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WHEATRIDGE, CO – Robbie’s Hope Foundation today announced the winners of its third national Hall of Personal Expression (H.O.P.E.) Contest. The contest motivates teen participants, ages 13 and up, to voice their feelings – joy, sorrow, anxiety, elation, depression, etc. — on critical life issues they face daily while they showcase their artistic perspectives through creative writing, music, fine arts, visual and digital arts.
Almost 400 entries were received from nearly every state. The Grand Prize winner will receive $1,000. Each Category Winner receives $500 (Music Category winner also will receive an all-expense paid trip to Denver for a recording session at The Keep studio). Honorable Mention winners will receive $250.
The winners are:
- Grand Prize & Fine Arts Category Winner: Allison He (11th Grade – Plano, Texas) Charcoal drawing titled “Not A Virus”
- Digital Arts Category Winner: Linlin Yu (11th Grade – Bolton, Mass.) Digital drawing titled “No Silence in Resistance”
- Film Category Winner: Alyssa Ta (7th Grade – Renton, Wash.) Short Film titled “Living in a COVID World as an Asian American”
- Music Category Winner: Maleena Dominick (12th Grade – Moon Township, Penn.) Original Song titled “Don’t Forget Me”
- Photography Category Winner Devin Lindley (College Jr. – Hunlock, Penn.) Photograph titled “Unmasking Hope” (See Appendix)
- Poetry Category Winner Ashley Park (9th Grade – Chino Hills, Calif.) Poem titled “Clash of 3 Realities” (see Appendix)
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Kari Eckert, executive director of Robbie’s Hope, said the objective of the H.O.P.E. spring 2020 contest was to inspire teens to use their talents as an outlet for their creativity and self-expression.
“Being a teenager is already difficult and the lockdowns, social distancing, and school closures nationally, the recent pandemic is adding to the cacophony of emotions. During this difficult time, self-expression is beneficial tool for stress relief and working through feelings” Eckert said.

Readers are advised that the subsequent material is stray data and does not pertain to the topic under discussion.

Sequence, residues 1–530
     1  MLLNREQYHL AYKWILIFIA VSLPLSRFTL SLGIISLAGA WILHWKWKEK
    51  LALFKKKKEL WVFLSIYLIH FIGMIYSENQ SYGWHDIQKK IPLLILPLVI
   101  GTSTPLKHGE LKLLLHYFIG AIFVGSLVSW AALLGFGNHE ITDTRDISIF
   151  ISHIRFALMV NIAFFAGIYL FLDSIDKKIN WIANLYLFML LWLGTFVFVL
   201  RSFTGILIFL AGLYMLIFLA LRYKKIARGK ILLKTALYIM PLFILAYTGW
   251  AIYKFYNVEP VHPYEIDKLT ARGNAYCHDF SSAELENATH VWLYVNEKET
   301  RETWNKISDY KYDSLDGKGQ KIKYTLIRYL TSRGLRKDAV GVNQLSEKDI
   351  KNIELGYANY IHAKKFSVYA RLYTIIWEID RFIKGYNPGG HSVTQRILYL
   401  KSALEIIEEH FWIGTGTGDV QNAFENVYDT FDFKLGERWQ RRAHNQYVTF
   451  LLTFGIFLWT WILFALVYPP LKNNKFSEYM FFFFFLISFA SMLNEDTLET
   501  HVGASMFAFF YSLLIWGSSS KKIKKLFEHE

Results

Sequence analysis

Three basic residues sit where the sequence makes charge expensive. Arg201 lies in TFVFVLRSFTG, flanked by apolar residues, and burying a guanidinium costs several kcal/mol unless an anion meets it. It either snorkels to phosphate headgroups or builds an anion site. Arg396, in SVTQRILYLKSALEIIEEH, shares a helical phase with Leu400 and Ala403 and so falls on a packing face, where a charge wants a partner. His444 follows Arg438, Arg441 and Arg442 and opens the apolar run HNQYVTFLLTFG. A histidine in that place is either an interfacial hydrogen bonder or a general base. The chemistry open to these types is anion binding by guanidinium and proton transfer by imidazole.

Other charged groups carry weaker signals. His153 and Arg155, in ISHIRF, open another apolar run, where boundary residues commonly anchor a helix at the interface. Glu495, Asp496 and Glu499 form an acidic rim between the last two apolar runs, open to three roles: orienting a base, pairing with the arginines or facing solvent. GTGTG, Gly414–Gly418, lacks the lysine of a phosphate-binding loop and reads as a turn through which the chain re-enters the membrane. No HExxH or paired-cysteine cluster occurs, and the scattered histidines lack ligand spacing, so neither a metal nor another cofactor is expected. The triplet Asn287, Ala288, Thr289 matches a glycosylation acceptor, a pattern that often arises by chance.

Quotes from Winners:
“Quarantine is digesting. It’s time to cage ourselves with our thoughts, break free of our mundane routine, and surrender to isolation while feeling the depths of hindsight. It’s also time to contemplate the injustice and speak out under our masks. In these times we are creating an online presence to take off these masks so we can demonstrate human good. We will not be silent; knowing that is refreshing. And time and time again, we remember that beyond the walls awaits a promised sky, a hope of being much closer with people.”Linlin Yu, Digital Arts Category Winner: Linlin Yu (11th Grade – Bolton, Mass.) Digital drawing titled “No Silence in Resistance”
“As a teen musician, it is important for me to use my voice to provide comfort and hope to my peers. Robbie’s Hope does such wonderful things for teen suicide prevention and I am proud that we were able to connect through this contest.”Maleena Dominick, Music Category Winner (12th Grade – Moon Township, Penn.) Original Song titled “Don’t Forget Me”
“While living in a COVID World has surely disrupted my routine, it has also changed how I look at the world and how it looks at me. The mindset that many people have adapted seems to be, “Every man for themselves,” an idea that I wholeheartedly disagree with. It is in times like these that people should support one another, even if this can’t be done in person. Admittedly, I am very anxious about what is happening and the unknown future, but I know that it is still good in this world. And good will always win.”Ashley Park, Poetry Category Winner (9th Grade – Chino Hills, Calif.) Poem titled “Clash of 3 Realities”
About Robbie’s Hope Foundation
Robbie’s Hope Foundation is a registered 501(c)(3) non-profit organization established in 2018 in an effort to broaden and deepen the awareness of teen depression and anxiety and facilitate suicide prevention. Robbie’s Hope Foundation is on a mission to cut teen suicide rates in half by 2028 by focusing on one simple thing—talking about it. Destigmatizing conversations around anxiety and depression, making it normal to talk about what’s bugging us, letting teens know they’re not alone, and most importantly—that it’s ok to not be ok. Robbie’s Hope Foundation can be found on the web at www.robbies-hope.com and www.facebook.com/robbieshope2018.